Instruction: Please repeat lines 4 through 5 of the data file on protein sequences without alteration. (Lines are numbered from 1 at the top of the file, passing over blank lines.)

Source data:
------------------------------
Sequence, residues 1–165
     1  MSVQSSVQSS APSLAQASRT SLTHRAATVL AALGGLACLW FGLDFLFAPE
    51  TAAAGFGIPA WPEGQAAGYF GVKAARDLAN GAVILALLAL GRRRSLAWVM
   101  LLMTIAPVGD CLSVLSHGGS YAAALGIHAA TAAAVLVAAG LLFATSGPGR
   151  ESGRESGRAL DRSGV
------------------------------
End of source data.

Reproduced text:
   101  LLMTIAPVGD CLSVLSHGGS YAAALGIHAA TAAAVLVAAG LLFATSGPGR
   151  ESGRESGRAL DRSGV